During this period of time I started reading more and more about natural medicine. The changes I was feeling from building my body up through diet was enough to convince me that I’d cottoned onto something amazing and started feeling shocked and angry that this was roundly ignored by my doctors. Despite my rational and questioning mind, the orthorexic, desperate to find something, anything, that would work Natasha started winning out. In a dream I even got annoyed that my company health insurance wouldn’t cover juicing therapy. Because, duh, green juice cures all.
I am not denying in any way that diet and lifestyle plays probably the most important role in managing my conditions. But in my desperation I believed that the information I was reading on any old blog by any old person who had ‘healed’ themselves was my missing link, even when none of these people had the exact same problems that I did.
And even now, part of me is still willing to try anything in my desperation to feel better (huh, as I wrote that a slight tear fell down my face…I really, really want to feel better). I went to see a homeopath who prescribed me things that, upon research, were described as “dangerous” by medical websites and was pretty dismissive of any questions I had. My instinct told me to not even go there. I was confused as to why I even went to see him. I could answer my question in one word. Desperation.
I know that if I’m not super aware of what I eat, how much I exercise and how I manage my stress levels, my health declines significantly. But I’m finally coming to realise that sometimes it just does and there’s no rhyme or reason for it. And while it sucks, that’s just the way it is.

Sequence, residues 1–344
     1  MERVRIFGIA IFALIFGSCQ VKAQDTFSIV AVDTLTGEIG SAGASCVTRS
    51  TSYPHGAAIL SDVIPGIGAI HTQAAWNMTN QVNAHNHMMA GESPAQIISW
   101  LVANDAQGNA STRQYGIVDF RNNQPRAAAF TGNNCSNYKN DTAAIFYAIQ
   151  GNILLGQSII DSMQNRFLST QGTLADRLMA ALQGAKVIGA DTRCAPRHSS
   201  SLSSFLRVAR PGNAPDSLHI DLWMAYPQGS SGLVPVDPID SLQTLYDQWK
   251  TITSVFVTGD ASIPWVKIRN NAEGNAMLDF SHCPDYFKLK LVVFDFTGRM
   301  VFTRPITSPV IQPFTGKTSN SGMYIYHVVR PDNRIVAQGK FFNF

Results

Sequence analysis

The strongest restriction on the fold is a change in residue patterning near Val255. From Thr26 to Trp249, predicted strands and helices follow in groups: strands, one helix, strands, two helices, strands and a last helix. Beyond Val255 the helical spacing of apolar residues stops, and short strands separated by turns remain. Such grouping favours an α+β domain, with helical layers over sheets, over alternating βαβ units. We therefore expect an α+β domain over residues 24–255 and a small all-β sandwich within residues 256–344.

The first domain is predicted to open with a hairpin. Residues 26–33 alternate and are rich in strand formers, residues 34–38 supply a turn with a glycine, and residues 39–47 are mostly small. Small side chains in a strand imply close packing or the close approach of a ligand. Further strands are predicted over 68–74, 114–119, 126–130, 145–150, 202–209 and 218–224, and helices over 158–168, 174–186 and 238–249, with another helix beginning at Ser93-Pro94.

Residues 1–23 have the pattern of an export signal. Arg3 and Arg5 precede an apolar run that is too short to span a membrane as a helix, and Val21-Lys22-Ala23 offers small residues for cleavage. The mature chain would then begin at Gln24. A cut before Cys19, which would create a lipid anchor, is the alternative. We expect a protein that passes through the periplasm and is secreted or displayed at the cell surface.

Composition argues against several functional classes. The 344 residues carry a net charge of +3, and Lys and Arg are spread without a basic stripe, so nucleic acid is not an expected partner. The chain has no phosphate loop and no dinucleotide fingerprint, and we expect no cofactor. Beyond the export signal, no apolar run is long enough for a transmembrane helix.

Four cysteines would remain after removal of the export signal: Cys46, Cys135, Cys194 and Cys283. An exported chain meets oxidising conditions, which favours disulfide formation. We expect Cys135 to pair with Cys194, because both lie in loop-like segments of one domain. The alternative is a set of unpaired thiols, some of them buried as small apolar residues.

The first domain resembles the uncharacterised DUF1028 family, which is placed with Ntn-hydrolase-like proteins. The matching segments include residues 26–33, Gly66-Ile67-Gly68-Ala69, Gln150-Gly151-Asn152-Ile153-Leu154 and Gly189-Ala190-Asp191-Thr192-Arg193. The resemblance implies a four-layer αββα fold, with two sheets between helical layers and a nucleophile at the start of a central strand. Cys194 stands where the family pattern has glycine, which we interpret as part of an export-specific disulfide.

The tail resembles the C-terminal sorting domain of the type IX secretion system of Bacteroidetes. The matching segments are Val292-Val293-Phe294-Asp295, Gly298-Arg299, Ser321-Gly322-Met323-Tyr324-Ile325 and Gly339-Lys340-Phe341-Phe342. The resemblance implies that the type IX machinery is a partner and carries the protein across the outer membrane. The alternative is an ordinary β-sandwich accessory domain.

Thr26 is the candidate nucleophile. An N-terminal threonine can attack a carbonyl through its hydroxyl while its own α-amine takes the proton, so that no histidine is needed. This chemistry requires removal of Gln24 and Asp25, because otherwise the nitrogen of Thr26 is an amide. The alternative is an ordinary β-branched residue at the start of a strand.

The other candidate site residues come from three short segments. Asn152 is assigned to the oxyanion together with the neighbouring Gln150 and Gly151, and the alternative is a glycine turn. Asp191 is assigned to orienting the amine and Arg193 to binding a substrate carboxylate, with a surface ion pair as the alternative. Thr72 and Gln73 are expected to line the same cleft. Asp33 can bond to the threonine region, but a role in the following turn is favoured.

Ultimately, you are the one that knows your body best. Diet and lifestyle are a huge thing to take into consideration when you’re trying to figure out how to live with chronic illness, but it’s so important to become scientifically literate, and try to learn not to let your desperation overcome your critical thinking abilities.
Is it being negative to accept that there are some things we cannot change? Some people have told me that it is. Apparently my inherent belief that I can’t be cured is the very reason that my illnesses haven’t spontaneously disappeared into the cosmos. However, I would argue that there is a significant difference between being negative and being realistic. And sometimes when things are extremely difficult being realistic is a really hard thing to be. Hope and faith are powerful motivating forces, but what worries me is when those forces can start being counter productive. Do I hope that I can feel better than I do? Of course. Do I have faith that I will be? Yes, to a certain extent.
I hope that I will not feel that the way I do right now for the rest of my life. I work hard every day to keep finding ways to support and manage my body. I believe that I can continue to keep learning and experimenting to achieve this goal. But believing that “cure” or total domination is entirely in my hands actually made things worse when I would have a flare up. There are things that are beyond our control, and even now when I have a bad day my brain still tells me “you’re not eating the right thing! You’re doing something wrong!” I have never blamed myself for my illnesses, but part of me now (despite knowing better) still blames myself for not curing myself for something that ultimately (as of yet…come on science!) cannot be cured.
Please, please, please be wary and sensible about what you read on the internet. Never attempt anything (especially when it comes to taking potent supplements you find online or just stopping medication) without speaking to your doctor. I know, I KNOW what it’s like to want to find an answer. But please make sure anything you try you do it in a safe way. We are all different, and while a little bit of hope is so important, we always need to be realistic and cautious about what we read and how we approach our health.